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State of New Jersey v. Francisco Gell-Espinoza

SUPERIOR COURT OF NEW JERSEY APPELLATE DIVISION


October 10, 2012

STATE OF NEW JERSEY, PLAINTIFF-RESPONDENT,
v.
FRANCISCO GELL-ESPINOZA, DEFENDANT-APPELLANT.

On appeal from the Superior Court of New Jersey, Law Division, Morris County, Indictment No. 07-07-1098.

Per curiam.

NOT FOR PUBLICATION WITHOUT THE APPROVAL OF THE APPELLATE DIVISION

Submitted October 2, 2012

Before Judges Reisner and Hoffman.

Defendant Francisco Gell-Espinoza appeals from a May 13, 2010 order denying his petition for post-conviction relief (PCR), in which he claimed ineffective assistance of counsel relating to advice about the immigration consequences of his guilty plea. We remand this matter to the trial court for further proceedings.

I

We first summarize the record presented to us on this appeal. On July 24, 2007, defendant was indicted for third-degree possession of a controlled dangerous substance (CDS), N.J.S.A. 2C:35-10a(1), and second-degree CDS possession with intent to distribute, N.J.S.A. 2C:35-5a(1) and -5b(2). On the same day, he waived his right to a jury trial and entered into a written plea agreement, which was translated into Spanish. He agreed to plead guilty to the second-degree offense, "as amended to a [third-degree] offense," N.J.S.A. 2C:35-5b(3), for which he would receive non-custodial probation. He answered "yes" to question seventeen on the plea form: "Do you understand that if you are not a United States citizen or national, you may be deported by virtue of your plea of guilty?"

At the plea hearing, on July 24, 2007, the judge asked defendant if he was a United States citizen, and defendant, testifying through a Spanish interpreter, answered that he was a "resident." The following colloquy then ensued:

THE COURT: Well, you understand that if you are applying for citizenship, this could [affect] it, and it could also [affect] your status here in the country, and you could be deported because of this. Do you understand that?

Have you had time to discuss that with your attorney?

DEFENDANT: Yes.

Responding to the judge's further questioning, defendant indicated that he read "a little bit" of Spanish but he had gone over the plea form with "the interpreter" and with his attorney. He then gave a factual basis in which he admitted that on April 5, 2007, he was riding in a car with "two other persons, Melvin Padilla Rivera and Aborio Francisco Rodriguez," and that "at that time" he possessed heroin with intent to distribute it.

On September 21, 2007, defendant was sentenced to probation. Before the judge imposed the sentence, defense counsel told the judge that defendant had lived a law-abiding life for a substantial period of time; he had four children; and he had lived with his girlfriend and one of the children in Pennsylvania for the past six years. Defendant stated, "I regret what I have done." When the judge questioned the leniency of the proposed sentence, the prosecutor responded that defendant "is not the heavy in this case. But he was involved in the activity of that particular individual, the one that facilitated the possession of a significant amount of heroin with the intent to distribute. . . . And we had to take that into consideration, as well as other circumstances . . . with the plea that we did."

The judge then stated to defendant, "if you get involved in this again, you'll never get this deal out of me again. Do you understand that?" Defendant responded, "Yes." The judge sentenced defendant to three years probation and transferred his probation supervision to Pennsylvania.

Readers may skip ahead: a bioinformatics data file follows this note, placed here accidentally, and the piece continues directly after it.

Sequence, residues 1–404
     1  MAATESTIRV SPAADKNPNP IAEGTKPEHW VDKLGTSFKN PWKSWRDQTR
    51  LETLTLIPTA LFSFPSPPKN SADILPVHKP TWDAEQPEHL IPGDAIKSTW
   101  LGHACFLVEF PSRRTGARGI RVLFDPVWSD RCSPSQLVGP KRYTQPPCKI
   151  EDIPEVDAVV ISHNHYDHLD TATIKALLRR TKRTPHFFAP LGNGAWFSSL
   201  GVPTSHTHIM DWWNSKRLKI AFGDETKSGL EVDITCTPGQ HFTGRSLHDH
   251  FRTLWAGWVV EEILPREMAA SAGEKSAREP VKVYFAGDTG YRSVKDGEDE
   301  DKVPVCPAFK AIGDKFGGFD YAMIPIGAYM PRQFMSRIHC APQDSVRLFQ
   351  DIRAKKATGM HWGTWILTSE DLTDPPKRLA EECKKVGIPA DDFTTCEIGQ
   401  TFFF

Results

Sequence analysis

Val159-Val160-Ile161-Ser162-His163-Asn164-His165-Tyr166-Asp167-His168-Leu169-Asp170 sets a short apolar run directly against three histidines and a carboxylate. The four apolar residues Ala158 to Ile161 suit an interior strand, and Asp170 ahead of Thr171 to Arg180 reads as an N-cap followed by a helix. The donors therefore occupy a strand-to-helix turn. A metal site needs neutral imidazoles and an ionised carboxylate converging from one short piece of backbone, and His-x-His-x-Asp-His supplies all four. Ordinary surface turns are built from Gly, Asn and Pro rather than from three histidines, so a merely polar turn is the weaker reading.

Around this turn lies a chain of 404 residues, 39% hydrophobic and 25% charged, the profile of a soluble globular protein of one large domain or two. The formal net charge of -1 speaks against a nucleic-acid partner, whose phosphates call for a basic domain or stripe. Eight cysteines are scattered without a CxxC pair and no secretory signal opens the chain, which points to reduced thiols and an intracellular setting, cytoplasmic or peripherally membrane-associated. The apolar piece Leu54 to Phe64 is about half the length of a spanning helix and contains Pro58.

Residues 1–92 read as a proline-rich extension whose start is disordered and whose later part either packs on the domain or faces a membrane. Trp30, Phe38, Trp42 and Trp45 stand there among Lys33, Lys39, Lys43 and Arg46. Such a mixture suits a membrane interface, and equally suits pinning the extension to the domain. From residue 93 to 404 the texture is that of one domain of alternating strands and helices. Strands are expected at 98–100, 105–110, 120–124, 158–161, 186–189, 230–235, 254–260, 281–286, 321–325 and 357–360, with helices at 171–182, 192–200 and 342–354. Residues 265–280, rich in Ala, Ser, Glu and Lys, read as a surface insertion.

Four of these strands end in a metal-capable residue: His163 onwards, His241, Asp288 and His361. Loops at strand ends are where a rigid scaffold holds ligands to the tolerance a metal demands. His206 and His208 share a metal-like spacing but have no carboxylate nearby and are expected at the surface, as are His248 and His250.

In April 2009, defendant, who was then incarcerated in Pennsylvania, filed a pro se PCR petition, alleging that after he served part of his probation, the Department of Homeland Security (ICE) had arrested him and commenced removal proceedings. He alleged that in counseling him to plead guilty, his attorney "was ineffective on the grounds that he mislead the Defendant into plea guilty and failed to advice the defendant about his Immigration consequence." In the next section, defendant asserted that his counsel was ineffective in "misadvising the noncitizen defendant about his immigration consequences of conviction." He also contended that his attorney misadvised him against filing a suppression motion. Defendant also asserted that he was innocent. In the accompanying brief, defendant cited cases concerning counsel's failure to advise a client of the immigration consequences of a guilty plea.

On February 2, 2010, defendant filed a pro se "supplemental brief," which he characterized as "my affidavit" and which he attested before a Pennsylvania notary.*fn1 According to defendant, on April 2, 2007, he visited New Jersey with his friend Melvin Padilla and Francisco Rodriguez. On the drive back to Pennsylvania, a state trooper stopped their car and charged all three men with possession of drugs with intent to distribute, even though Melvin Padilla "admitted that the drugs was his" and told the trooper that defendant and Rodriguez "had nothing to do with the drugs." He further attested that when the police searched the car, they found drugs in a "portable seat" belonging to Rodriguez, but nonetheless they arrested all three men. According to defendant, the only evidence against him was a recording of a cell phone call that he made during the drive, telling someone that "we are arriving." He contended that he made the call at Padilla's request because Padilla, the driver, did not want to make a cell phone call while he was driving.

Defendant stated that his attorney told him that if he did not plead guilty and went to trial, he would "lose and face a lot of years in jail." Defendant and his girlfriend then asked the attorney "if there would be a problem with immigration by taking this deal." According to defendant, the lawyer said and assured me do not worry about it you are a permanent resident alien and this is a misdemeanor not a felony[.] [A]lso he stated that I have been in the US a long time. I have trusted him as my lawyer and accepted the plea deal but I did not know he lied to me.

Defendant asserted that his girlfriend could corroborate his statement. Defendant also stated that as a result of his long stay in ICE detention, he had lost his business and had lost contact with his children. Finally, defendant attested: "If I would have known the trouble I was going to have with immigration, I would never have pleaded guilty."

The PCR petition was heard by a different judge than the one who took the plea and imposed sentence. On May 10, 2010, the PCR judge denied the petition, relying on defendant having signed the plea form indicating that he knew he "may" be deported. The judge expressed skepticism that a New Jersey attorney would use the terms "misdemeanor" and "felony," words that appeared in defendant's affidavit. The judge also stated:

I believe that there's nothing before me that would warrant a hearing in this case.

I believe that either the defendant lied entirely when he spoke to the Judge -- when he answered yes and he had the benefit of --a Spanish interpreter or he's lying now . . . . I don't believe a hearing is required because . . . there has been nothing before me that would show a deficiency in counsel's conduct of this matter.